Friday, June 28, 2013

'I pray that in subsequent governments we will see a return to civility'

Paul Neville, Peter Rose, Parliamentary Prayer Breakfast, Chaplain, parliament, civility
Among the large number of Valedictory Speeches given in the last days of Parliament this week, many have brought reflections of faith, acknowledgements of the people behind the scenes and hopes for a more civil Parliamentary life in future.

Paul Neville, National for Hinkler, began his final speech by saying, 'Madam Speaker, it would be fair to say that I have had an interesting and stimulating adult life. Very few things have been denied me by a loving God, who has given me just about everything I have ever asked for, though, as I said in my first speech, it was generally in his time frame not mine.'

After looking back over his long career in politics, his singled out a quiet but influential member of the parliamentary community:

'One person who is often forgotten is Peter Rose, our Chaplain, who quietly and unobtrusively goes about the role of counselling, comforting and leading,' Neville said.

'He assists in the national prayer breakfast and ceremonies for the opening of parliament and the start of each parliamentary year. Some of us in the Parliamentary Christian Fellowship gain strength from Peter's Tuesday morning prayers in the meditation room.'

And leaving a message for those who will continue in Canberra, Neville said:

'I am an unapologetic admirer of Thomas More, Lord Chancellor of England, a saint and a patron of politicians. More, as portrayed by Robert Bolt, said: "When statesmen forsake their own private conscience for the sake of their public duties they lead their country by a short route to chaos.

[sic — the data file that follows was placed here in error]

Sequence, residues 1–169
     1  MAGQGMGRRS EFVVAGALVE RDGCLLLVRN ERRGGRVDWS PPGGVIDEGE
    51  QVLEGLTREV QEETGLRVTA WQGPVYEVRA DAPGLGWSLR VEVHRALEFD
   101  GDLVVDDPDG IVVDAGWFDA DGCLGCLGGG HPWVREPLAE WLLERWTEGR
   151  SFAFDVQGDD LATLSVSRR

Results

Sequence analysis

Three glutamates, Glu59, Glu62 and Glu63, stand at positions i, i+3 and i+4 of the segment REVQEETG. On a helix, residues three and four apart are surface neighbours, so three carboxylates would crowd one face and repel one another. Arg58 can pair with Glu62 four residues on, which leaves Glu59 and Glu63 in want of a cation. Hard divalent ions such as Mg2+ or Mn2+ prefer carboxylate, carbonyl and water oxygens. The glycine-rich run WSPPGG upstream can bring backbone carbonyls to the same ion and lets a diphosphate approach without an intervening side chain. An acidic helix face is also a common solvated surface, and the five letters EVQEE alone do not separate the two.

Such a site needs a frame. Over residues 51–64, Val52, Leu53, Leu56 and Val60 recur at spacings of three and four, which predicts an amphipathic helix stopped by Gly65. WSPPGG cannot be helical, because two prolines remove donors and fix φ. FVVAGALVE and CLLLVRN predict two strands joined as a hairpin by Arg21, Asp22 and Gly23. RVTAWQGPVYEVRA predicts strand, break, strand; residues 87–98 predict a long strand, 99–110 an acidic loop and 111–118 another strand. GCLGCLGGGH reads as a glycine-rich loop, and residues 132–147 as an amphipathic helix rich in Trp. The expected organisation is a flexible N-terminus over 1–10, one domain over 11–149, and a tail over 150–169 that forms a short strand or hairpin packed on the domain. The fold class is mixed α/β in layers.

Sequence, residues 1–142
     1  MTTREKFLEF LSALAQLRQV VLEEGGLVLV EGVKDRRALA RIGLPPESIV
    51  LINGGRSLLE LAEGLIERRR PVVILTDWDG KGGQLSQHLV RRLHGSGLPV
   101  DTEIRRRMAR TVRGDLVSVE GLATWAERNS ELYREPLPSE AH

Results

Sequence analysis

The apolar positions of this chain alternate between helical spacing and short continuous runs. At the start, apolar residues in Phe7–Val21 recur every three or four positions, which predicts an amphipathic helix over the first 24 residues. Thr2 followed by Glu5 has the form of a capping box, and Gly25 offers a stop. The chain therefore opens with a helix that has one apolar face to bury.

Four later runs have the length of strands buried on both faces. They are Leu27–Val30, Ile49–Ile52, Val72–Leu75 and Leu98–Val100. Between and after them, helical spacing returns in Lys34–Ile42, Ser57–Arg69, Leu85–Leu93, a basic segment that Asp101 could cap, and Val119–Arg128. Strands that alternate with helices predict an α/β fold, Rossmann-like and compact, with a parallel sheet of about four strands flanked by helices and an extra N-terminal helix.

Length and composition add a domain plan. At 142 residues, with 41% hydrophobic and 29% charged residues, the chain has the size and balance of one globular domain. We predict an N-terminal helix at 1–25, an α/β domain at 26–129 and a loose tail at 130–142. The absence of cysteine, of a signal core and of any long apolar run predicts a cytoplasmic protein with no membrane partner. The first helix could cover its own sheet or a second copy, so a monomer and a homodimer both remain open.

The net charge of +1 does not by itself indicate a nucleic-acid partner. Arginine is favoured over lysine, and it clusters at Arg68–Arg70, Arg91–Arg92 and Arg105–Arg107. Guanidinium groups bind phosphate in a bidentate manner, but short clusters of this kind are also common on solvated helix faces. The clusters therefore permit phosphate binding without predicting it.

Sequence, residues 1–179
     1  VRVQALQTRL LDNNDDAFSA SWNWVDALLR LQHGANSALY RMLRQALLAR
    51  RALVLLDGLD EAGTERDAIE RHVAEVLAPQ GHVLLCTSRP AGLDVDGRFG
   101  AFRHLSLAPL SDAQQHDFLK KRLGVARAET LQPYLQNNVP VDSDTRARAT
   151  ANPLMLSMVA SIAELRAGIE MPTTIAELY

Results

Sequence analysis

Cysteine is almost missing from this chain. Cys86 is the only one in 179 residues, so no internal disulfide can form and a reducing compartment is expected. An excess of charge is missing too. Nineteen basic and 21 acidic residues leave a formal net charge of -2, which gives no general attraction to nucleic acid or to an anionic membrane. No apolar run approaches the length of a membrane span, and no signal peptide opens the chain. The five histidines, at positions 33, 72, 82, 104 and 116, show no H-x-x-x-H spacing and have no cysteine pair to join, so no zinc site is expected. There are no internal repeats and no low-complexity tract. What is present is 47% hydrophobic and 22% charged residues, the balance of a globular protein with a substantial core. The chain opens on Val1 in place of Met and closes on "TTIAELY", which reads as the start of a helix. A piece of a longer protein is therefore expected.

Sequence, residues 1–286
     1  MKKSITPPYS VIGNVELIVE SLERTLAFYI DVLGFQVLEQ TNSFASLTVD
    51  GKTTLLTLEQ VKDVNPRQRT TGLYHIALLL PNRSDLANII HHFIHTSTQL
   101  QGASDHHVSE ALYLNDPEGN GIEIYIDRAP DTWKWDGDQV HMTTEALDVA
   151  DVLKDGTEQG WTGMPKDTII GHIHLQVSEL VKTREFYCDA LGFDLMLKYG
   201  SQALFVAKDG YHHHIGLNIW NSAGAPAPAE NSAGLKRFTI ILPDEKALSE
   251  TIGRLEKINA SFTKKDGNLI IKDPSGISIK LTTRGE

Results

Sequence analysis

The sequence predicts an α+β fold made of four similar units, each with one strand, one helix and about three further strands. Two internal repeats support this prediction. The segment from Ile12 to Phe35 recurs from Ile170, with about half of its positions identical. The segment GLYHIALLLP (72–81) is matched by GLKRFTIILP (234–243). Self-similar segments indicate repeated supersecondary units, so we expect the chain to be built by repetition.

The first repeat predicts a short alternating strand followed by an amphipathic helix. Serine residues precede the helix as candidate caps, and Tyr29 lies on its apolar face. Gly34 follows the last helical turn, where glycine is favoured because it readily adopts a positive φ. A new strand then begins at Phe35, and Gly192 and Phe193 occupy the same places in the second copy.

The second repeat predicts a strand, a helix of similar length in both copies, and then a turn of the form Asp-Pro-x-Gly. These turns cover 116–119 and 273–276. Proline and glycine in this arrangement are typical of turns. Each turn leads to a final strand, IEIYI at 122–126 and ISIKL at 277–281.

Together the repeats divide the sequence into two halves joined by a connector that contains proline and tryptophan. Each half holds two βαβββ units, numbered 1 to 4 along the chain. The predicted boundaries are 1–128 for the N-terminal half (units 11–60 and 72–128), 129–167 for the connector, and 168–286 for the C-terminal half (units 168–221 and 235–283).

'Colleagues, how true is that today? We have seen it, as politicians, in the collapses through the GFC, in the horrors in the Balkans and in the aftermath of the Arab spring. We have seen the truth of these words in our own state and federal politics, especially over the last decade.

'I will not spell it out; you all know it. Little wonder so many say that they do not trust politicians. As I leave this parliament I pray that in subsequent governments we will see a return to civility in this place.

'Surely it is not beyond our capacity to make question time what it should be: quite simply, an eliciting of information rather than a forum for meaningless spin and invective. Like it or not, it is the vehicle by which the public judge us, because it is the forum of the parliament they get to see most often.

'Surely we can do as good a job as New Zealand, Canada, the UK and France. Despite the expectations of the new paradigms, it has been getting progressively worse from parliament to parliament.'

This story was sourced through an alert.


  1. John Forrest, Nationals for Mallee, also acknowledged Peter Rose (and Jesus) in his valedictory speech: 'To Peter Rose, the parliamentary chaplain, in addition to the member for Hinkler's remarks I offer my gratitude for what always seemed his timely visits to my office when I was confronted with some crisis back at home. I wonder how he actually did that, but it always seemed to coincide. For his efforts to support the activities of the Parliamentary Christian Fellowship, thank you, Peter, for helping me stick with the conviction that it is He who is the centre of the Christian expression of faith who is the best example and inspiration to follow in public life.'

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